International 10 Sq.m. Sailing Canoe
For over one hundred years racing sailing canoes has fascinated, exasperated, intrigued and even infuriated some of the world’s great sailors. The voyage includes the earliest known recorded planing boats, the second longest standing international sailing event, and the ability to go upwind like a stiletto through butter.
The key features of the Canoe are its relatively small but highly efficient rig, its long, slim and lightweight hull, and of course the sliding seat.
How do you sum up the appeal of the International 10 Square Metre Sailing Canoe in four short paragraphs? "The dry fly of sailing"? (Uffa Fox) "one of the most interesting things that God let man make"? ( L Francis Herreshof) "Oh [deleted]!"? (nearly everyone who’s ever sailed one)?
For well in excess of one hundred years racing sailing canoes has fascinated, exasperated, intrigued and even infuriated some of the world’s great sailors. Along the way decked canoes have provided the earliest known recorded planing boats, the second longest standing international sailing event, an enormous amount of idiosyncratic fun and the ability to go upwind like a stiletto through butter. Sailors who become smitten with the class’ unique challenge often stay sailing them for decades.
The key features of the Canoe are its relatively small but highly efficient rig, its long, slim and lightweight hull, and of course that sliding seat. The "plank" is key to the experience. There’s something very unique about sailing your boat from your perch some feet from the windward side, and while all is going well its a surprisingly relaxing experience. Physically its generally less demanding than a trapeze or wings, but it does bring some extra handling challenges.
No boat can be all things to all men, and its pointless to pretend that this is a mass market boat. But then Château d’Yquem is not a mass market wine, and a pre war blown Bentley is not a mass market car. Some special things are, well, just special, and, unlike the wine or the car, this one isn’t unreasonably expensive...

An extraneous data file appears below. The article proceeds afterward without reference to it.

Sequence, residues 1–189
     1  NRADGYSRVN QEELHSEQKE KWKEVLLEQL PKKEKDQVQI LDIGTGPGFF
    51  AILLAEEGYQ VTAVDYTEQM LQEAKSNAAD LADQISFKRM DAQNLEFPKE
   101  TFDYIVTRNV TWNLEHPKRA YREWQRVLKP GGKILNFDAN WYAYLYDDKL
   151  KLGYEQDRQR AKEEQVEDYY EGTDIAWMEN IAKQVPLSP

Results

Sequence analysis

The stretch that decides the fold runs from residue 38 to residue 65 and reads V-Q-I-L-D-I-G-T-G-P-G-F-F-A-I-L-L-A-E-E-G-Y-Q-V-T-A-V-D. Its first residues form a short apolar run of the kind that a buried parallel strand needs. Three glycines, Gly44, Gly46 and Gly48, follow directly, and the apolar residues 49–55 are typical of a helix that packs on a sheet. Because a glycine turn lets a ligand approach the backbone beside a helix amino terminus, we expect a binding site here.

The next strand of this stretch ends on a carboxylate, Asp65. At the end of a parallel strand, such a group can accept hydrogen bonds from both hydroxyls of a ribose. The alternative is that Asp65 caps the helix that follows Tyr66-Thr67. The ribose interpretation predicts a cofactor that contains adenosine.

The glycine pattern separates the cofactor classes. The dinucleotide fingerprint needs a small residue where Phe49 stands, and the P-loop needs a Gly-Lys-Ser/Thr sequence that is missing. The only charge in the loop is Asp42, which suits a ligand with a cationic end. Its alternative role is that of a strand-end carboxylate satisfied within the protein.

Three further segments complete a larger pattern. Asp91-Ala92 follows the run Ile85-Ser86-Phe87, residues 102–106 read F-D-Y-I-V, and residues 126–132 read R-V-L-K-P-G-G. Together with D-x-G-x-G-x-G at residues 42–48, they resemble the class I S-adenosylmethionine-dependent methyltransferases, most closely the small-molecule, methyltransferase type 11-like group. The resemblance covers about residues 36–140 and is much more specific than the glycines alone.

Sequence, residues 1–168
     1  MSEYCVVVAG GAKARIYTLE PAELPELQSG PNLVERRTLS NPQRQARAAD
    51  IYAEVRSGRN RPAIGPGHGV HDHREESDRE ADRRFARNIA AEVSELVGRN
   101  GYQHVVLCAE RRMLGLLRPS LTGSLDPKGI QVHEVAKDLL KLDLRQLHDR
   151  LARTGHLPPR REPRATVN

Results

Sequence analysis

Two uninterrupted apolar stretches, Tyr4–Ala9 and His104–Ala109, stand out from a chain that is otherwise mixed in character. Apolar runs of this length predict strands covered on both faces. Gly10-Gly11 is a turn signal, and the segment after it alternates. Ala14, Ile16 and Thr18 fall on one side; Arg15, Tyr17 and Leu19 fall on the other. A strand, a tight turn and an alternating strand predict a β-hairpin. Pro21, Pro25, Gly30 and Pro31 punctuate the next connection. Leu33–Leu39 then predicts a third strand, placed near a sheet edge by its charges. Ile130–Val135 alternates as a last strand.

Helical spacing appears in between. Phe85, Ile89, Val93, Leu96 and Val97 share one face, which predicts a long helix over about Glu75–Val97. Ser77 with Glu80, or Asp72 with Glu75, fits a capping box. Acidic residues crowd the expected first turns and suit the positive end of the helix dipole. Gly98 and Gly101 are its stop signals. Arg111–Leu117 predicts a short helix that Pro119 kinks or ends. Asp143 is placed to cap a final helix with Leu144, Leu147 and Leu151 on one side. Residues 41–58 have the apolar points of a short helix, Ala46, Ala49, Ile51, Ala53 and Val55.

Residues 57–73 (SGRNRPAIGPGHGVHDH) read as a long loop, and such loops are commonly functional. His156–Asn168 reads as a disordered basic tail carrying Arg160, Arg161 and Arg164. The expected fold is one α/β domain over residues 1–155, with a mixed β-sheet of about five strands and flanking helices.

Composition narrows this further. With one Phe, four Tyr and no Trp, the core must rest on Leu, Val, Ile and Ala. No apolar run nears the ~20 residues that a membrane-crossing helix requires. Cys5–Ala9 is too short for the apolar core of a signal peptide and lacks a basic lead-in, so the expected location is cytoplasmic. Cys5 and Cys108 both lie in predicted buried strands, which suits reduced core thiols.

Latest Forum Posts
From gilles, Tue Feb 21, 2017 5:36 pm
Are you shure the shell is carbon made ? The actual owner says that it's a moulded wood hull ... ( "bois moulé" in french ).
From Rob, Tue Feb 21, 2017 5:14 pm
Hi Gilles, I built the carbon shell for GBR261 in 1995 for the owner Andy Gibbs from Hayling Island. I assisted him with the home build & sprayed her yellow, he named her Top Banana. I converted her to AC in approx. 2000 & she was one of many AC's then sailing at Hayling Island SC. I think she went to France a few years later. Not seen her for years but glad to hear she's alive & kicking, cheers, Rob.
From gilles, Tue Feb 21, 2017 3:47 pm
Does somebody know the french AC10 FRA 27 owned by Damien Apriou ? She was GBR 261 before.
I'd like to have the history of this boat. I just know that it is a Razorback converted to AC.
From jimc, Tue Feb 21, 2017 11:12 am
Please will you all ensure that your clubs are recording your boats correctly. The returns are full of errors, especially new rules ICs being recorded as ACs, unless I am very out of date about what boats are where. With low numbers and errors there's a definite risk of dropping off the list. It would also be highly desirable for Slurps and Nethercotts to be recorded as Canoe International One Design, not lumped in with the new boats. The current IC number is appropriate for neither.
Mayflower SC, Plymouth, UK
Sixty-one International Canoes from seven countries competed for the 1987 World Championship under the burgee of the Mayflower Sailing ... continue reading...
Karlstad, Sweden, 7- 9 August
In Sweden there are several traditional classes of sailing canoe: A & B ... continue reading...
Mountbatten Centre, Plymouth Daily Reports from the Yachts and Yachting Website International Canoe Europa Cup Preview International Canoe Europa ... continue reading...
Extracts from Gordon K. (Sandy) Douglass "Sixty Years Behind the Mast - The Fox on the ... continue reading...